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How cholesterol stiffens unsaturated lipid membranes [Biophysics and Computational Biology]

Research Article

Saptarshi Chakraborty, View ORCID ProfileMilka Doktorova, View ORCID ProfileTrivikram R. Molugu, View ORCID ProfileFrederick A. Heberle, Haden L. Scott, Boris Dzikovski, View ORCID ProfileMichihiro Nagao, Laura-Roxana Stingaciu, Robert F. Standaert, View ORCID ProfileFrancisco N. Barrera, View ORCID ProfileJohn Katsaras, View ORCID ProfileGeorge Khelashvili, View ORCID ProfileMichael F. Brown, and View ORCID ProfileRana Ashkar

  1. Edited by Cyrus R. Safinya, University of California, Santa Barbara, CA, and accepted by Editorial Board Member Lia Addadi July 14, 2020 (received for review March 13, 2020)

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Significance

Cholesterol regulates critical cell functions, including lysis, viral budding, and antibiotic resistance, by modifying the bending rigidity of cell membranes; i.e., the ability of membranes to bend or withstand mechanical stresses. A molecular-level understanding of these functions requires knowledge of how cholesterol modifies membrane mechanics over relevant length and time scales. Currently, it is widely accepted that cholesterol has no effect on the mechanical properties of unsaturated lipid membranes, implying that viruses, for example, can bud from regions enriched in (poly)unsaturated lipids. Our observations that cholesterol causes local stiffening in DOPC membranes indicate that a reassessment of existing concepts is necessary. These findings have far-reaching implications in understanding cholesterol’s role in biology and its applications in bioengineering and drug design.

Abstract

Cholesterol is an integral component of eukaryotic cell membranes and a key molecule in controlling membrane fluidity, organization, and other physicochemical parameters. It also plays a regulatory function in antibiotic drug resistance and the immune response of cells against viruses, by stabilizing the membrane against structural damage. While it is well understood that, structurally, cholesterol exhibits a densification effect on fluid lipid membranes, its effects on membrane bending rigidity are assumed to be nonuniversal; i.e., cholesterol stiffens saturated lipid membranes, but has no stiffening effect on membranes populated by unsaturated lipids, such as 1,2-dioleoyl-sn-glycero-3-phosphocholine (DOPC). This observation presents a clear challenge to structure–property relationships and to our understanding of cholesterol-mediated biological functions. Here, using a comprehensive approach—combining neutron spin-echo (NSE) spectroscopy, solid-state deuterium NMR (2H NMR) spectroscopy, and molecular dynamics (MD) simulations—we report that cholesterol locally increases the bending rigidity of DOPC membranes, similar to saturated membranes, by increasing the bilayer’s packing density. All three techniques, inherently sensitive to mesoscale bending fluctuations, show up to a threefold increase in effective bending rigidity with increasing cholesterol content approaching a mole fraction of 50%. Our observations are in good agreement with the known effects of cholesterol on the area-compressibility modulus and membrane structure, reaffirming membrane structure–property relationships. The current findings point to a scale-dependent manifestation of membrane properties, highlighting the need to reassess cholesterol’s role in controlling membrane bending rigidity over mesoscopic length and time scales of important biological functions, such as viral budding and lipid–protein interactions.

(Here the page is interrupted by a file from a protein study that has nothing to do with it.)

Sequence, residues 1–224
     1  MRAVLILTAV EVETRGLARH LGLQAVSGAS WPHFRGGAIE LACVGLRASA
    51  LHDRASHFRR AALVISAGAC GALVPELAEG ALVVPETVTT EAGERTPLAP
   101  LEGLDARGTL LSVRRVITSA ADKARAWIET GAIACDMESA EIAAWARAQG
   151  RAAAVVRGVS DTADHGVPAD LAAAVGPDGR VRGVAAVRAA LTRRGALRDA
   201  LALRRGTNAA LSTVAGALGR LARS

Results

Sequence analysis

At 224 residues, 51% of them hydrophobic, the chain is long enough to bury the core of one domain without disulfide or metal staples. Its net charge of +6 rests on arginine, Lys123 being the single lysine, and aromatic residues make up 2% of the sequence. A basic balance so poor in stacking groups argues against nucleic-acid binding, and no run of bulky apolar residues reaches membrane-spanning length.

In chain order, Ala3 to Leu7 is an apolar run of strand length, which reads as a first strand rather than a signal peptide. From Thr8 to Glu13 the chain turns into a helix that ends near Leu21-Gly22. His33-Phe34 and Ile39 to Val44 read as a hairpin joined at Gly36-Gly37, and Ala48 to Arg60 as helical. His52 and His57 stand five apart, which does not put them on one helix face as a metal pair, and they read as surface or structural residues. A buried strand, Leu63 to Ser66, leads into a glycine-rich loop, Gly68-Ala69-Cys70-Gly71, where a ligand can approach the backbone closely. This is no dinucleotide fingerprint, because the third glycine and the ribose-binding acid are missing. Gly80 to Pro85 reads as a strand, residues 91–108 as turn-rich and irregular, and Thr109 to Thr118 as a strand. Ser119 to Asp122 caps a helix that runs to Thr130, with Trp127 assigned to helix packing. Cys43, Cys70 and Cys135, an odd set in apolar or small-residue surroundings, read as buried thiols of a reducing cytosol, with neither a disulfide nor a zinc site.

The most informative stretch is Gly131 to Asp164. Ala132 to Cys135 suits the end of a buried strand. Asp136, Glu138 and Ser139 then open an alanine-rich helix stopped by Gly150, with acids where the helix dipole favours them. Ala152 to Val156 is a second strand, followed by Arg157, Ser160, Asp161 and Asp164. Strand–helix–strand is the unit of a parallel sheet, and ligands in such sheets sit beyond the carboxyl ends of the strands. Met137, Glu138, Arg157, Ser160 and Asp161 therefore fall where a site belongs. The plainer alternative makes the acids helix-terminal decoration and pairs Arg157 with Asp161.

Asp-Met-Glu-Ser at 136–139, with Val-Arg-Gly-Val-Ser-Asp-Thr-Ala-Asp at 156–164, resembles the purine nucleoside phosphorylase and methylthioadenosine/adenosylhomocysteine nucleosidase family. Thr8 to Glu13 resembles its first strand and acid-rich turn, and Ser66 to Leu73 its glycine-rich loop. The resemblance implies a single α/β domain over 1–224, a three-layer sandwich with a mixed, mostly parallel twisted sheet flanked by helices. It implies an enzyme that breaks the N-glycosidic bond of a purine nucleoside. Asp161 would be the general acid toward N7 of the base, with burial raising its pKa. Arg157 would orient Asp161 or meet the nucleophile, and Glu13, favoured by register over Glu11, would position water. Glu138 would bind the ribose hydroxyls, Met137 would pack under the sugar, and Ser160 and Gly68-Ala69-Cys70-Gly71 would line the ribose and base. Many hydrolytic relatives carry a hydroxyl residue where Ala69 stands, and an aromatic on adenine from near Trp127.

Footnotes

  • Author contributions: R.A. designed overall research project; M.F.B. designed NMR studies; S.C. and R.A. collected and analyzed small-angle neutron scattering and neutron spin-echo data; S.C. and T.R.M. collected and analyzed NMR data; M.D. and G.K. performed molecular dynamics simulations; F.A.H., H.L.S., F.N.B., and J.K. collected and analyzed small-angle X-ray scattering data; B.D. collected and analyzed electron spin resonance data; R.F.S. synthesized deuterated lipids; M.N. and L.-R.S. assisted with neutron spin-echo studies; S.C., M.D., T.R.M., F.A.H., H.L.S., B.D., M.N., L.-R.S., R.F.S., F.N.B., J.K., G.K., M.F.B., and R.A. discussed and reviewed the results; and R.A. wrote the manuscript with input from all authors.

  • The authors declare no competing interest.

  • This article is a PNAS Direct Submission. C.R.S. is a guest editor invited by the Editorial Board.

  • This article contains supporting information online at https://www.pnas.org/lookup/suppl/doi:10.1073/pnas.2004807117/-/DCSupplemental.

Data Availability.

Experimental data can be accessed at Virginia Tech’s Data Repository (VTechData; DOI: 10.7294/v8w6-7760).

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